4 Tips For Planning Your Time and Attendance Implementation

Tips for Planning and Completing Your Time & Attendance Implementation

The process of implementing new software can be complex. There’s early research, vetting different vendors and partners, checking with budgeting, getting feedback from managers and employees, and finally getting buy-in from senior leaders. And all that is just the beginning.

Your Vendor Should Support our Time and Attendance Implementation

While the extent to which your vendor supports your implementation varies, you want to be sure to get as much assistance as you need. And that starts with making sure you track everything to your needs document.

A functional needs document will spell out the capabilities you need now, as well as your anticipated needs going forward. Having this document at the ready can be a big help selecting the right solution.

As it relates specifically to time & attendance software, you want to get answers to questions that might slip under the radar. These include:

  • Can the software help you stay aligned with wage and hour compliance?
  • How does the provider handle downtime, and/or catastrophic events that might potentially knock the software offline for an extended period?
  • How does the cost model break down per-user, and/or on a month-to-month basis?
  • How much focus do they put on hosting?

In an industry that’s flooded with solutions, it helps to know what the differences are. Read the report, “What’s Really Different About stratustime,” before you choose your next time & attendance solution. And discover how stratustime works behind the scenes for you and your company.

Read the Report

Once you’ve chosen your vendor, and scaled your solution for the short- and long-terms, it’s time to bring your new time & attendance solution online.

3 Tips to Help Your Time and Attendance Implementation Go Smoothly

 

1. Select a project team and an implementation plan

Having a dedicated team that oversees the project coordination can be vital for a successful implementation. Whether it’s a one-person team, or includes members from different departments, they’ll be your liaisons between the providers and your organization.

As far as the plan itself, keep in mind that many cloud-based software systems offer two types of implementation plans: sequential and parallel.

Sequential

When a company has a longer period of time to implement the system, and/or is managing limited resources and times, they might opt for a sequential implementation that rolls in different features at different times (for instance, time & attendance, followed by payroll integration, then employee scheduling, etc.).

This type of plan might also work for businesses that are in the middle of raising capital, are expecting growth, or are transitioning in another way.

Parallel

When a company needs to implement the system quickly due to regulatory requirements or budget pressures, or they have outgrown their existing system, they are more likely to choose a parallel plan.

In a parallel plan, the company continues to use their existing time & attendance solution even as their new solution comes online. Once the new time & attendance solution meets their needed criteria, they switch over completely.

 

2. Select a “roll-out” program, then deploy

Regardless of what option you select, most organizations opt-in to a pilot program to test how the system works on a small group of their employees:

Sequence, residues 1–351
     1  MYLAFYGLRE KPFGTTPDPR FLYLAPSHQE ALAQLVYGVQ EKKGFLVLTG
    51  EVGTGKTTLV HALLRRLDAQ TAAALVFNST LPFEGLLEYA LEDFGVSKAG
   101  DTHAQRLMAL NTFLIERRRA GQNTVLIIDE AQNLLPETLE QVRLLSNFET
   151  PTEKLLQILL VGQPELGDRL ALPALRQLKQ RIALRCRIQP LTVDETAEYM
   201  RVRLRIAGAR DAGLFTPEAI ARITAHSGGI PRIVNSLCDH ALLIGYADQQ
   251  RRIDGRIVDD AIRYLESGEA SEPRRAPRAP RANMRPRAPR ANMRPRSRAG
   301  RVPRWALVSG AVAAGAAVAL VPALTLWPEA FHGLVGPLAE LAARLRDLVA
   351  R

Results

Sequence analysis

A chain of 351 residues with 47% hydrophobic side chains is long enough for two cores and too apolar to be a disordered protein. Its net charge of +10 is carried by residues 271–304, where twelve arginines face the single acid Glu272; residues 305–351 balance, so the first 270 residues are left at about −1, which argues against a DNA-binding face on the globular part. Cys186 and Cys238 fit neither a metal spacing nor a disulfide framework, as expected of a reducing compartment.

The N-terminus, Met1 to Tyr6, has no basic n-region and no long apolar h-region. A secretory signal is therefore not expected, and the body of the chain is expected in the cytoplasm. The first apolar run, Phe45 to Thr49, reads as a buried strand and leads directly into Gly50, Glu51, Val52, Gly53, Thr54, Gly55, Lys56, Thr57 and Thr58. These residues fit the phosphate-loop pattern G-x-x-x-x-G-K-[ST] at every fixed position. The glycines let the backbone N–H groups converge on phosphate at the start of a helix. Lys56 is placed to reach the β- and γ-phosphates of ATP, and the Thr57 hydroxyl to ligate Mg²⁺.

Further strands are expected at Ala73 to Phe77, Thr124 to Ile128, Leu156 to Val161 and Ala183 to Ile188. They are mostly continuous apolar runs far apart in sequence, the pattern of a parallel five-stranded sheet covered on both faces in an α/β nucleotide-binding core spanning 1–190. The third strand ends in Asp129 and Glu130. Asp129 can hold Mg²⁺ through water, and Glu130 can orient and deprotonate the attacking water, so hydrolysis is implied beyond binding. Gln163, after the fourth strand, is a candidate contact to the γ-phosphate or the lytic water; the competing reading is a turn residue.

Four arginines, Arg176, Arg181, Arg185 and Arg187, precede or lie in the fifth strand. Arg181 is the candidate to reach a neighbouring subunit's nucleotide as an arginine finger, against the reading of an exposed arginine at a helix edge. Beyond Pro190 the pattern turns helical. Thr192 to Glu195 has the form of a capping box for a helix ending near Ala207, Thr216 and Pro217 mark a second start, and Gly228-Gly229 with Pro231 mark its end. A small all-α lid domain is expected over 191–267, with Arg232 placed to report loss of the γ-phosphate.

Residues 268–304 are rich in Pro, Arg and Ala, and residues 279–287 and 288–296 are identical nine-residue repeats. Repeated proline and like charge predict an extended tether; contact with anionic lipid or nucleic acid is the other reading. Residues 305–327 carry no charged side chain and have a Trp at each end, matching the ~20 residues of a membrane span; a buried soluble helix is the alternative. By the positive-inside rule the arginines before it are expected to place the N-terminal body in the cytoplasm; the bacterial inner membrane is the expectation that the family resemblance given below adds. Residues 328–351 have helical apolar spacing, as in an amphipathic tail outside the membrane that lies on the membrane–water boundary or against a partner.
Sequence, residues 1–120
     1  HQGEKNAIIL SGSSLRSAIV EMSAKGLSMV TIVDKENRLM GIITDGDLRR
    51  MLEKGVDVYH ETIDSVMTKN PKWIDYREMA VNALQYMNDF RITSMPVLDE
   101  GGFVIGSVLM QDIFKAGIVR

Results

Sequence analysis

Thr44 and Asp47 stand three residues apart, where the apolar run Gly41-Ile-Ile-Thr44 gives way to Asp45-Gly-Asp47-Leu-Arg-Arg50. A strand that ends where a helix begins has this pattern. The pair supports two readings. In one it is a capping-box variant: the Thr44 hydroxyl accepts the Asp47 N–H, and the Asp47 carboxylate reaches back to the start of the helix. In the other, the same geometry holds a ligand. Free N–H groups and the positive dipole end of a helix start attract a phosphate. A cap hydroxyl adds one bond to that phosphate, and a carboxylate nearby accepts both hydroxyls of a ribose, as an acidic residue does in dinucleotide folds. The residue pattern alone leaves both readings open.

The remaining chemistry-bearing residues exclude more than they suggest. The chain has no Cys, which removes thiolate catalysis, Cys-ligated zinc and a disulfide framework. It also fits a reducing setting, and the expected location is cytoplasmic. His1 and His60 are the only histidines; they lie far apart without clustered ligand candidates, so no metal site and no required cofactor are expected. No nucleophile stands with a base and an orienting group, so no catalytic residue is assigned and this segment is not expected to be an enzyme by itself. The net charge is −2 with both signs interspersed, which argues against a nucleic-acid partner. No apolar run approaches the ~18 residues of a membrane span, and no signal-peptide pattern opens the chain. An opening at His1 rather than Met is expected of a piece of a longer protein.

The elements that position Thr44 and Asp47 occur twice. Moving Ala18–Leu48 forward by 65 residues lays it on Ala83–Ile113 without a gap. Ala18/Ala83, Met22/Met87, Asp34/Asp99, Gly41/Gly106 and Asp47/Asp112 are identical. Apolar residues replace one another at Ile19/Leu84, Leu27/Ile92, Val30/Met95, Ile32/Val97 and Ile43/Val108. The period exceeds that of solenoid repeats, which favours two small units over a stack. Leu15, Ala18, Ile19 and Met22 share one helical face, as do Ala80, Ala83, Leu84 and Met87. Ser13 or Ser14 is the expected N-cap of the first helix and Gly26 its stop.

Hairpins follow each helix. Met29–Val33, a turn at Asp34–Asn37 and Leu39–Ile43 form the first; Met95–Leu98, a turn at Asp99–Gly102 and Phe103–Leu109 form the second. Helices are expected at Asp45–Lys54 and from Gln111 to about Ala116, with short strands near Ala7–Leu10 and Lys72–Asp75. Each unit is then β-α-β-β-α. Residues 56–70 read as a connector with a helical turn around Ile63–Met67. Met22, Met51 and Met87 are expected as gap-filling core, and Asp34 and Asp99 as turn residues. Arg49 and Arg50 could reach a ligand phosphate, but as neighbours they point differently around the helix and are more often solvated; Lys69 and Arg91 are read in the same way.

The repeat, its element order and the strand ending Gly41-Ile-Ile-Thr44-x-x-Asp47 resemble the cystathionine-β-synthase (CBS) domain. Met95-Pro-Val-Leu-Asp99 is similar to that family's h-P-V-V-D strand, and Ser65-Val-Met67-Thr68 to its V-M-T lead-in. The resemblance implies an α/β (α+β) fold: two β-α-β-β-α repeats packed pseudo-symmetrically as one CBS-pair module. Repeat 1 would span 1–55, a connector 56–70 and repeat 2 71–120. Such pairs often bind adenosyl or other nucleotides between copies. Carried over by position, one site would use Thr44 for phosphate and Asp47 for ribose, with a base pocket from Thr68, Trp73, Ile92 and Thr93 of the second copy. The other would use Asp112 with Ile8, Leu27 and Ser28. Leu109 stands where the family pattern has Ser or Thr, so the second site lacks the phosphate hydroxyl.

• This helps work out any kinks before an organization deploys the software through the entire company.
  • During this period, payroll and billing reports are entered so that payroll integration can be rolled out as fast as it is practical.
  • Be sure to review all parts of your organization prior to deploying the workforce management system you select, as different types of employees require different types of pay rules and tax considerations.

 

3. Plan for ongoing engagement

No matter how great any new system is, or how much it promises to continue to be great, implementation doesn’t always equate to easy adoption—at least not right away.

There will always be holdouts who either miss the old system, feel like the learning curve is too high, or simply don’t want to get on board with change. That’s why engagement can be a critical piece of the process. If employees aren’t engaged, it will make it more difficult to transition to the new system.

  • During the implementation period, begin sharing updates about the new system, especially in cases when it will affect the entire company, such as new time & attendance software.
  • As you highlight the benefits, be sure to illustrate how the changes will improve upon the new system, and make things easier and more intuitive for employees at all levels.
  • Invite feedback, and be sure to address any concerns you receive. Employees will appreciate feeling like they’re part of the decision-making process.
  • When necessary, set up training with the software vendor.

Whether you’re switching to a new time & attendance solution, or choosing your first, when you spend time on reviewing options, following a plan, and building strong user adoption, you can help set your company up for a seamless transition.

Even the slightest level of manual input in an otherwise automated system can expose a business to issues, including wage & hour noncompliance risks, time theft, or an incomplete understanding of where labor costs are going. stratustime works to make sure your time & attendance software keeps working on your behalf, so you can focus on business.

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